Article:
The creation and evolution of artificial life and artificial intelligence has been a topic of many great movies– the Terminator saga, Ex Machina, The Matrix and Blade Runner just to name a few. All of these films have explored the potential pit falls behind playing god, and Morgan is just another example of why we shouldn’t fuck with the creation process.
Morgan tells the story of corporate risk-management consultant Lee Weathers (Kate Mara) who has been sent by headquarters to investigate the company’s latest asset, Morgan (Anya Taylor-Joy)– an artificially created humanoid. After a routine psych evaluation goes terribly wrong, what was once a breakthrough of modern scientific engineering has now put the lives of the entire staff in mortal danger.
Morgan was a neat flick. The concept was nothing original, but the execution along with the third act made this movie quite entertaining. It started off a little bumpy due to the poor characterization in the first act of the film– you begin to question what’s wrong with the scientific staff– but then their actions and emotions are explained later on, which adds some clarity to their characters. The whole cast ended up doing a solid job. Kate Mara’s character Lee Weathers was pretty awesome. From the get go, you get that her character is some corporate bad ass whose main responsibility is to clean up messy situations for the company. There’s a lot more than meets the eye to her character, and as the movie rolls along, we get to witness how awesome her character is. The titular character Morgan was also quite interesting and somewhat complex. As a state-of-the-art artificial being, Morgan was the first A.I to develop and display a range of emotions that comes super close to what a human being can project. Actress Anya Taylor-Joy, of The Witch fame, does another great job with her character. She was able to successfully give Morgan the human quality that the scientists engineered into it.
The rest of the supporting cast was not too likeable honestly. Rose Leslie’s character, Dr. Amy Menser was one of my least favorites. She has a strange relationship with the artificial being that will make you question her role on the scientific team. Other characters I disliked included Ted Brenner (Michael Yare), Dr. Kathy Grieff (Jennifer Jason Leigh) and Dr. Cheng (Michelle Yeoh). I flat-out didn’t like their characters’ development, and was actually quite glad when their experiment backfired on them. Dr. Simon Ziegler, portrayed by the great Toby Jones, was a breath of fresh air in comparison to his colleagues. He showed passion for his work that wasn’t borderline weird throughout the entire movie. The very awesome Paul Giamatti shined in a very brief but pivotal role as Dr. Alan Shapiro, who is brought in to do the psyche evaluation on Morgan.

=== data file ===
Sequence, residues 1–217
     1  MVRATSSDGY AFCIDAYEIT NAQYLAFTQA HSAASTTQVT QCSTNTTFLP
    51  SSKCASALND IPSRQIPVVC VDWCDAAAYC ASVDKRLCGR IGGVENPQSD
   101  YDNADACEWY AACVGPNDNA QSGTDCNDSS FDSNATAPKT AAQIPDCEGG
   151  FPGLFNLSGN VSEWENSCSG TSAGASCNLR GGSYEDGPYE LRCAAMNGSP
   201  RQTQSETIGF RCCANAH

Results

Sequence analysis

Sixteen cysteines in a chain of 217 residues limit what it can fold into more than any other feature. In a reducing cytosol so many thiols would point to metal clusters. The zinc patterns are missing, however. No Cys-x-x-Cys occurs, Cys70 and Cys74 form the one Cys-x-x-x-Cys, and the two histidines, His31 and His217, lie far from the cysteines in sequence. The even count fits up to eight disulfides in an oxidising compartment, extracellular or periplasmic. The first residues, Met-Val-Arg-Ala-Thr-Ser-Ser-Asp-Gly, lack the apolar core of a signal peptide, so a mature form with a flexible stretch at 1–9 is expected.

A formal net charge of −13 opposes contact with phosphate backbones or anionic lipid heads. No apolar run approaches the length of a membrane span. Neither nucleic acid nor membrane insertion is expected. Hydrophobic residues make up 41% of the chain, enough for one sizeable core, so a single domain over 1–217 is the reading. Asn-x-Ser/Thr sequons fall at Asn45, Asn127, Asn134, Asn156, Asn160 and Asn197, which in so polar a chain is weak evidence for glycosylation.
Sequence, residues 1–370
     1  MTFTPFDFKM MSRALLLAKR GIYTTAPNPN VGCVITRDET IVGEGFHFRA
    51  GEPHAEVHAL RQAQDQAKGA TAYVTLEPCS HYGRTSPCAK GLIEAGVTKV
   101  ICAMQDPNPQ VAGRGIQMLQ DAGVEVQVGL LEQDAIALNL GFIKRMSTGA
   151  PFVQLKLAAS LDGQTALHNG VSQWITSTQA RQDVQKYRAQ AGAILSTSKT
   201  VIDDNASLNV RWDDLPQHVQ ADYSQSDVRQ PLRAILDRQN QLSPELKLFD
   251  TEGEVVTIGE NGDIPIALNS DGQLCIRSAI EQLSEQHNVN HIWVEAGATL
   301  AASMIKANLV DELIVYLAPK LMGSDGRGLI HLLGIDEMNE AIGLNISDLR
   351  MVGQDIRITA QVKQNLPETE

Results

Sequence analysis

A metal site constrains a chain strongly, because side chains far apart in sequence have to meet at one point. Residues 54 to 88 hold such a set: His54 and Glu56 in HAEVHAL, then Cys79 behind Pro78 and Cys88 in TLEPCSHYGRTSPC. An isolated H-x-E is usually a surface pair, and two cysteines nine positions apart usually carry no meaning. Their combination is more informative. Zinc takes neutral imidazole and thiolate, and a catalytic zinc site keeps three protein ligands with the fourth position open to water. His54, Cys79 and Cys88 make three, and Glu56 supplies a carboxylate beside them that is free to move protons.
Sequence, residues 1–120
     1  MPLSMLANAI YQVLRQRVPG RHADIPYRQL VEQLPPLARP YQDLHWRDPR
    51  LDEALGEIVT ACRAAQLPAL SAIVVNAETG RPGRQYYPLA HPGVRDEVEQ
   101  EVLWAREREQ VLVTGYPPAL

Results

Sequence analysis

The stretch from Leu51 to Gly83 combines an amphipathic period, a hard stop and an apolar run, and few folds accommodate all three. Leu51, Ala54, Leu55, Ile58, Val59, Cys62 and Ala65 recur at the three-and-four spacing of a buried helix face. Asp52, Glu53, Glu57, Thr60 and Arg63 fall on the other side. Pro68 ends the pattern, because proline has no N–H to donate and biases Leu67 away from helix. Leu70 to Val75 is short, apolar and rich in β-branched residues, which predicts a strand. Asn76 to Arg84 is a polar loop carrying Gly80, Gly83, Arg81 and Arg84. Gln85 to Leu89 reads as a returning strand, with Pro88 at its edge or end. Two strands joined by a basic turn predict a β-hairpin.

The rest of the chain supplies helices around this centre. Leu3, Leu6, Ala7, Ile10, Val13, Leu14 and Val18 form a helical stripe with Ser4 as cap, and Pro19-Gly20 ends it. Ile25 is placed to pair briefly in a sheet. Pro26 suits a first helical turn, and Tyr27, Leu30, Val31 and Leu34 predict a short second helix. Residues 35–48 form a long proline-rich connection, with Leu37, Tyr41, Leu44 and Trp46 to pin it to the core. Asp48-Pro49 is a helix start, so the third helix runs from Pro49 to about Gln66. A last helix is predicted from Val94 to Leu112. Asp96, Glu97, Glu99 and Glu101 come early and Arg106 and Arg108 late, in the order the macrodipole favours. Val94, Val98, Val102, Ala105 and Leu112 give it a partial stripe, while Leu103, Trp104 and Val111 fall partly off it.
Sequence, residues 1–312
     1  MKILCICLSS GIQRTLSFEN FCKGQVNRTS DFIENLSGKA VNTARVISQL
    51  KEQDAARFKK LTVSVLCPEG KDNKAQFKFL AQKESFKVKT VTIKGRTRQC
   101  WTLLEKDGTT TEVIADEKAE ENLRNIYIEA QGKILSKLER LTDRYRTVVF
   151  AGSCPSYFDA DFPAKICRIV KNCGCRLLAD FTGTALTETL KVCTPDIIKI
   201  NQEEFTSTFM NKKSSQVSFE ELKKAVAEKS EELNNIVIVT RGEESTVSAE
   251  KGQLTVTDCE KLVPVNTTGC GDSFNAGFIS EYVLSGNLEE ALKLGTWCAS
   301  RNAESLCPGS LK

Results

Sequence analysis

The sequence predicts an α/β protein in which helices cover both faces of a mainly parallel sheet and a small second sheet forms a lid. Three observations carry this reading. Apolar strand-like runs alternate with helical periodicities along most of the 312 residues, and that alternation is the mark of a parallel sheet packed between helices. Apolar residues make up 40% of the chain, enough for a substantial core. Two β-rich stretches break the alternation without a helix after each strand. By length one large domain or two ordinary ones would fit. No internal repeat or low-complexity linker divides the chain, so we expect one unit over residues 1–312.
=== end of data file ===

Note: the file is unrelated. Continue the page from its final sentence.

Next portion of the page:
The blood and gore in the movie is very minimal but effective. Morgan manages to stab someone’s eye, bite someone’s throat out, break a couple of necks and shoot a couple of heads off– all-in-all, a good day. There wasn’t an excessive amount of gore, but as I mentioned, it’s effective when we do get it. For a first directorial feature effort, director Luke Scott did a pretty good job. It’s nothing to write home about, but he was able to make this story cohesive. He took a concept that’s been explored quite heavily in Hollywood, and managed to give the audience something a little different, so good job on him.
Morgan was a good movie that managed to take a tired concept and freshen it up a little bit. Like I mentioned before, it’s nothing spectacular or original, but it accomplishes in keeping things interesting. The lead characters are dope, but the supporting cast come off as a bunch of scrubs– all except for the cook, Skip (Boyd Holbrook), he’s great. I recommend Morgan, and with a run-time of just over 90 minutes, it’s worth the watch. //Arturo Padilla